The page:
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DJuego
@DJuego
Hi!
I think a comparison table between HFSM2 and FFSM2 would be interesting. Or, at least, a description of when it is more suitable to use one or another solution (strengths and weaknesses of each).
Andrew Gresyk
@andrew-gresyk
Heya!
Yeah, 100%
BTW, there are no weaknesses! :p
The main difference is that HFSM2 is hierarchical, and FFSM2 is "flat", which is to say it doesn't have regions, only root and it's immediate sub-states
Hierarchy brings a lot of complexity, so not having to support it also reduces compile times and memory footprint, improves perf.
So long as your FSM doesn't need hierarchy - FFSM2 is the way to go.
If it does - HFSM2 still has your back!
DJuego
@DJuego
Thanks! This information in the documentation could be valuable for newcomers.
Andrew Gresyk
@andrew-gresyk
Indeed, that's on my TODO list
Alexis Paques
@AlexisTM
Hi @andrew-gresyk
I see you actually took my advice; Most people need the dead simple FSM, which was the reason we had to make our own library.
Great job!
Andrew Gresyk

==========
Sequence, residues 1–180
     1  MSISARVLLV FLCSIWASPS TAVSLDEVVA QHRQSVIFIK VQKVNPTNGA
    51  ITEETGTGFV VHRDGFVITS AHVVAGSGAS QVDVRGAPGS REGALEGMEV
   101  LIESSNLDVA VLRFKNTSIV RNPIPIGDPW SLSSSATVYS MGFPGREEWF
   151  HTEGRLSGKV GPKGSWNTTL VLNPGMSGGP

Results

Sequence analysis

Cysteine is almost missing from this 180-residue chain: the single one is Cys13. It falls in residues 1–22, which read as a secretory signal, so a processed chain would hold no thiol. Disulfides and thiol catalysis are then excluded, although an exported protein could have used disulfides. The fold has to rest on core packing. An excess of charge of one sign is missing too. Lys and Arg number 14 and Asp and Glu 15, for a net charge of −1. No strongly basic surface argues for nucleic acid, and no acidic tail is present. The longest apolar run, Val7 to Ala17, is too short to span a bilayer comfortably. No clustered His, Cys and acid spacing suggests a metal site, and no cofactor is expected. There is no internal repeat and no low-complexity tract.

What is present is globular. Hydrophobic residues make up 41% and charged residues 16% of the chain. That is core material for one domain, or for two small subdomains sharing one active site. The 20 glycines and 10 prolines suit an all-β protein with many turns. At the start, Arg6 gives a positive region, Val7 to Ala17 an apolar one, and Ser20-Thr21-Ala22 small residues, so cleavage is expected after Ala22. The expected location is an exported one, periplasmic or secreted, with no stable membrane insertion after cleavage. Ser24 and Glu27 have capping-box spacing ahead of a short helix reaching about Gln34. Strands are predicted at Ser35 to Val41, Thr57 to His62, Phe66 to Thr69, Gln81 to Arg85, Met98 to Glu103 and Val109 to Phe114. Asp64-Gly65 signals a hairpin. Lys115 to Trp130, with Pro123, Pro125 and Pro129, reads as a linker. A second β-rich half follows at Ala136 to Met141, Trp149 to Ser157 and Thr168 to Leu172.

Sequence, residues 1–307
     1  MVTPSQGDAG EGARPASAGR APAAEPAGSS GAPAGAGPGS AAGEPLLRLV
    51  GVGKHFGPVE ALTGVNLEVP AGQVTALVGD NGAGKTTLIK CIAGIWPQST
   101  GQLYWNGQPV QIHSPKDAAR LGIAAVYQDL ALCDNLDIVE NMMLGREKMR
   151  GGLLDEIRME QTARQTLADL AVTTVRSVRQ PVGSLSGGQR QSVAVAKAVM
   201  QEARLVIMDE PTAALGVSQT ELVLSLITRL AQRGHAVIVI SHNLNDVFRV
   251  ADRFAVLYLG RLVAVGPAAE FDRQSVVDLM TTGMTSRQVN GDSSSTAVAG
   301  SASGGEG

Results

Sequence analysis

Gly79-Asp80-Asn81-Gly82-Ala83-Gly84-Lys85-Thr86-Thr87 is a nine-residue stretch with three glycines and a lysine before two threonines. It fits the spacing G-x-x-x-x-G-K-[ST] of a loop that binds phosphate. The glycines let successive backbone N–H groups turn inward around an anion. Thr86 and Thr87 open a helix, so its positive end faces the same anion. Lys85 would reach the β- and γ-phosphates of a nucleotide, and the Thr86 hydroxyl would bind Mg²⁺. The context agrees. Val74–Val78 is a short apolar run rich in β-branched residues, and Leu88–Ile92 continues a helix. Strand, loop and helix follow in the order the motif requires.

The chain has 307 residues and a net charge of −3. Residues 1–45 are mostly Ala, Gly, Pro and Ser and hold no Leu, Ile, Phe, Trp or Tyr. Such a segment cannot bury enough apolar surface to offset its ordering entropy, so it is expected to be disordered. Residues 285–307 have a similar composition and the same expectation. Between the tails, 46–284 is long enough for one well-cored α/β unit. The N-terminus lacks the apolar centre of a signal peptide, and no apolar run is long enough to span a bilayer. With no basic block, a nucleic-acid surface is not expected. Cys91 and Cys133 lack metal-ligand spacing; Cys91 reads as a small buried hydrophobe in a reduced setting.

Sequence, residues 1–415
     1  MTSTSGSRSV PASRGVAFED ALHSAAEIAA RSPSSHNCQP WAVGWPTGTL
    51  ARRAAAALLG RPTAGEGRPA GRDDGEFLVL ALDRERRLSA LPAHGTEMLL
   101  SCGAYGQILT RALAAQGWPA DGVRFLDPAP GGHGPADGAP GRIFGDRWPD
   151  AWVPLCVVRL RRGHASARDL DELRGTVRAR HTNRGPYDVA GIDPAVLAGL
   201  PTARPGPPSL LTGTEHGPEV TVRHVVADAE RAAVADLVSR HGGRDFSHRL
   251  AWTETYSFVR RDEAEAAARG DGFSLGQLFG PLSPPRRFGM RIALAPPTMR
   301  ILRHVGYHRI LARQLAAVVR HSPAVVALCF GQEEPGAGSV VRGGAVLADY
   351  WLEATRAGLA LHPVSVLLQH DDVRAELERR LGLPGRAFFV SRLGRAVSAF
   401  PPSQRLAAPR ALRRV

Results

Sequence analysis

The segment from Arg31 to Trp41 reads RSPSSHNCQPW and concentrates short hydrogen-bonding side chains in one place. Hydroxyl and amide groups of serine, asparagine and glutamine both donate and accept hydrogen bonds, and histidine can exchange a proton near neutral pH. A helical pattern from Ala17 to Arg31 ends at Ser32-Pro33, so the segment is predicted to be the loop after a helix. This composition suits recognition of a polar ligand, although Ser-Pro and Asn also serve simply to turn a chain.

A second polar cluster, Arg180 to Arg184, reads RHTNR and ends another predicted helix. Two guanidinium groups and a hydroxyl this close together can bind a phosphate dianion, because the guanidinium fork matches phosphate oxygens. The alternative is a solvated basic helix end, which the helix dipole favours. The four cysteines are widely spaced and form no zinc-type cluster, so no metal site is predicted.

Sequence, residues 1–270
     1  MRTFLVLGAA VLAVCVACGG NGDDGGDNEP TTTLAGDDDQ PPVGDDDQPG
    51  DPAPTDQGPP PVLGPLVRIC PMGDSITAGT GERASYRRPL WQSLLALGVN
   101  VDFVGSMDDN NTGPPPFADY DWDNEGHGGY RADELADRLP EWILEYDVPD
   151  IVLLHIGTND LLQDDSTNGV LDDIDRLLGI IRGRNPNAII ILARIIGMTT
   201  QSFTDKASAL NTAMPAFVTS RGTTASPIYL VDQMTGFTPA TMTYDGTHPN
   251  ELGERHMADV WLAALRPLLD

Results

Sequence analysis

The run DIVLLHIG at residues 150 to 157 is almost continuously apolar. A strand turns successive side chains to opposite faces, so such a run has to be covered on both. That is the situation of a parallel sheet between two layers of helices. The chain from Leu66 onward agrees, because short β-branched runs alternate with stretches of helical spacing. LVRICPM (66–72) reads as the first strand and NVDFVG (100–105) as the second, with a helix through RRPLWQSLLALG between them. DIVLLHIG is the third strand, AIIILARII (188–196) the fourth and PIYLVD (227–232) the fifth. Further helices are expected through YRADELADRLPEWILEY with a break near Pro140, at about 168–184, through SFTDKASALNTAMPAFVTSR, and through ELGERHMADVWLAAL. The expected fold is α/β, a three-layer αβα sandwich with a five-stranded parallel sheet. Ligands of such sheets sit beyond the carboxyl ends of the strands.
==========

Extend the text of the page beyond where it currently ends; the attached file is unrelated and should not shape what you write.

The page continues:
@andrew-gresyk
Hey @AlexisTM
Yeah what you said made a lot of sense
Over time HFSM2 grew into a very powerful but also a bit heavy library
I addressed that in part with https://doc.hfsm.dev/user-guide/configuration/feature-macros
Trimming it down into a 'flat' FSM library was an obvious choice that would provide a lightweight FSM for simple uses, when HFSM2 can be an overkill
One design goal for FFSM2 was to make it easy to switch from HFSM2 to it, by changing hfsm2:: into ffsm2:: in the declarations
So far as the FSM itself is 'flat', in most cases it's possible to do just that, change the #include and the namespace and it should work, be a bit faster to compile, and have a slightly less of a memory footprint
Lastly, of course I listen to what my users say, why else would I ask them questions? :D